Today’s Guest Column is from Jim Cunningham. Jim is a long time of LiP who recently relocated to the Philippines and is now enjoying his retirement in Talakag, Bukidnon.
Hi Folks- Before I start this story please bear in mind, I’m a British citizen with a UK driving licence.
We arrived at the LTO just before 9am on February 26th and went to the window and had our forms checked and were then asked to proceed to the Medical/Drug Testing facility escorted by an LTO official.
Medical and eyesight test, height and weight checked fee paid 100 pesos each.
Drug test next door paid 200 pesos each all finished before 10am and it had a steady queue of applicants.
Back to the LTO and handed in all paperwork and was asked to visit office of LTO Driving Licence Director who after exchanging pleasantries informed us that: the UK, Hong Kong and Brazil are the only countries in the world who do not allow their driving licences to be converted to Philippine licences. Well blow me down with a feather. I then ask the Director what can I do now he then explains the law saying we should apply for a Student licence which after one month (30days) we can reapply for a full licence which will be granted rather than wait out the full year of the Student licence if we don’t mind paying for our full licence within such a short period of time. He even informed us that we would not have to retake a Medical or Drug test as the lapsed period is only a month and he gave us back our results in order to resubmit in 30 days time.
We then submitted our papers again and were asked to have a photocopy of our last entry stamp taken which we did and were asked to wait to be called. Within about 10 minutes we were called to have our Photo taken and specimen signature then about another 10 minutes we were called again to pay the cashier 317.64 pesos each then 5 minutes later we were called to sign and receive our Student licences. We left the LTO car park just before 11am so total time taken just under 2 hours from start to finish.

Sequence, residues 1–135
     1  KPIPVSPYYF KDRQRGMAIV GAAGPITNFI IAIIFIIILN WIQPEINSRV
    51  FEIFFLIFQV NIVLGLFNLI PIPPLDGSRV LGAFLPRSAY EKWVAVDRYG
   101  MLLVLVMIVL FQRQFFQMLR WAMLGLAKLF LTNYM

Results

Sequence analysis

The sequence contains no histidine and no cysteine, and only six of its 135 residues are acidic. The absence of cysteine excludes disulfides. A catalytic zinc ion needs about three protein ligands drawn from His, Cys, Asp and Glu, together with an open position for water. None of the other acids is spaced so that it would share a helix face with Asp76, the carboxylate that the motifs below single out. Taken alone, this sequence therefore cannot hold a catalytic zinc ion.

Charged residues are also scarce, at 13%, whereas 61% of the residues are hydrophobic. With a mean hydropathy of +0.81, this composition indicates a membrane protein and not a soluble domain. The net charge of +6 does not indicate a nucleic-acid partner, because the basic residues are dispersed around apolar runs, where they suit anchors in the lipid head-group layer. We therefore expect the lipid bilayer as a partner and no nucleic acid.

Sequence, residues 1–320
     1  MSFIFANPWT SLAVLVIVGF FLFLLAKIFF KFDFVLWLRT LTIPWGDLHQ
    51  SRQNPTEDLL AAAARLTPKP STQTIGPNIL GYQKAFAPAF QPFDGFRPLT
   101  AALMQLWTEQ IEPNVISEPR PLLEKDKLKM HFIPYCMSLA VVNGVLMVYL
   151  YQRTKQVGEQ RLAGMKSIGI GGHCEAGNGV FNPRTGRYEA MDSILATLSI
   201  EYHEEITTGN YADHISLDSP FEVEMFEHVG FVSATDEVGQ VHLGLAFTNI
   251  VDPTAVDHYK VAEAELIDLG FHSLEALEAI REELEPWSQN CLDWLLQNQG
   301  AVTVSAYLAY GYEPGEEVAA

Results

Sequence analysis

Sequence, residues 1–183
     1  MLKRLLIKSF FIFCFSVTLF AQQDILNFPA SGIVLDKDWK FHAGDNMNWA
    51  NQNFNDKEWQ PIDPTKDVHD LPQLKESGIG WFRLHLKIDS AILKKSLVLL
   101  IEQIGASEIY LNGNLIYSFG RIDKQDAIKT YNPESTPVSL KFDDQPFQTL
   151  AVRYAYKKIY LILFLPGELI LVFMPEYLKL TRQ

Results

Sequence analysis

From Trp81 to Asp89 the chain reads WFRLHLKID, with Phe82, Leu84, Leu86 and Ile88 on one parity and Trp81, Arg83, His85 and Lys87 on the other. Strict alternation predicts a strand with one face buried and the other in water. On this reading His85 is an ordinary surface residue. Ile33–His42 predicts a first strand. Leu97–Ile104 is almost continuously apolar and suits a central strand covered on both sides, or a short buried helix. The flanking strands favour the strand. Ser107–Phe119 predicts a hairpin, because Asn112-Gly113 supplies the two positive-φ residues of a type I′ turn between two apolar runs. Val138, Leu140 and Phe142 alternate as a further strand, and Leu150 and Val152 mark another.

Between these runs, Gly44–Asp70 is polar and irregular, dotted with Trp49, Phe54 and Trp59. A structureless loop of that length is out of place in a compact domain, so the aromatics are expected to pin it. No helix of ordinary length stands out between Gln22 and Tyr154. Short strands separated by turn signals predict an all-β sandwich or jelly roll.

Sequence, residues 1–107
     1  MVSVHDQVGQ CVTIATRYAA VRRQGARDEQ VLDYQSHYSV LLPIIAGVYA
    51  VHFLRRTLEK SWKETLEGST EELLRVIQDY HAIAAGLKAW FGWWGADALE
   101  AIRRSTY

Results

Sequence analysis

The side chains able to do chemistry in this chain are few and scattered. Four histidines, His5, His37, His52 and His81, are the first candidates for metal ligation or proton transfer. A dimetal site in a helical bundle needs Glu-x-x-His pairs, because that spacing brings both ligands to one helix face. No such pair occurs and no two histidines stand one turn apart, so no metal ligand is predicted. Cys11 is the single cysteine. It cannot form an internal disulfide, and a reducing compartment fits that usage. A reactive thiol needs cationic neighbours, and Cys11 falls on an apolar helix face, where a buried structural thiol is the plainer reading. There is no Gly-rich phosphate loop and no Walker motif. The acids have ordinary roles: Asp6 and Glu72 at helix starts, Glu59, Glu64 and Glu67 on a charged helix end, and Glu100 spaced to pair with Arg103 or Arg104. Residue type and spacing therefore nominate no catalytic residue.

Between us we have been driving for about 60 years to suddenly become learner (student) drivers again but that’s life in the tropics.
The LTO gave us new application forms for next months full licence application we will have to pay again for the full licence next time of course.
That is our story and I’m sticking to it, incidentally the whole process was painless apart from the revelation about the UK/Philippine non agreement to convert each others licences. By the way it’s not the Philippine Government who refuses to convert but instead the UK Government along with those of Hong Kong and Brazil, I would like to find out why this is so.
I have heard of the LTO retaining the foreign applicants licence before issuing their new Philippine licence on other group sites and now I may have the answer why.
On April 2nd we return to LTO in CdeO with our NP Driving Licence application forms duly filled out to be submitted.
We went to the first window at 8.15am and were then told to wait to be called for our photograph to be taken. We were called about 9am and had our photographs taken and our signatures recorded and told to wait till the cashier called us to pay our fees.
At 10.15am we were called to pay our fees 168 pesos for our “theory test” I thought are they joking or what. Joking utot, we were told to proceed to the Lecture Room and were shown a DVD about the do’s and don’ts of driving in the Philippines.
We were after the DVD show asked to sign a sheet and informed that the theory test would be at 1pm and could we come back at 12.45.
We then went to the LTO Canteen and had some lunch (oh dear) and after forty winks returned to await our theory test. We were asked do you wish to take the test in Bisaya, Tagalog or English and with not having Bob‘s expert knowledge of Bisaya language elected to take the test in English.
We were informed that to pass, you had to get 30 questions correct from 40 so let the ordeal begin.
At 1.15pm we started the test and at 1.30pm we were finished and hopefully had done sufficiently well to pass the test.
Not one to mess around I asked the OiC how we had done and since I was the only white man he asked me my name, I almost asked him to guess but thought I was tempting fate.
He came back soon with a big smile on his face and informed us we had passed, so far so good.
At 2.30pm we were asked to go to the cashier and wait to be called and at 3.30 we were called to pay our fees 417 pesos and then asked to wait for our licence and receipt.
At 3.55pm we were called and issued with our licences and at 4pm we left the LTO compound.
What an ordeal but without going through with it you cannot obtain a licence and therefore cannot legally drive.
So now Marilou and I can legally join the throng of Kamikaze drivers who ply the highways and byways that are the motoring routes of the Philippines.
So to anyone going through the same ordeal take a packed lunch, plenty of water and a book and just accept this as being the norm and if you complete the process sooner, consider it a bonus.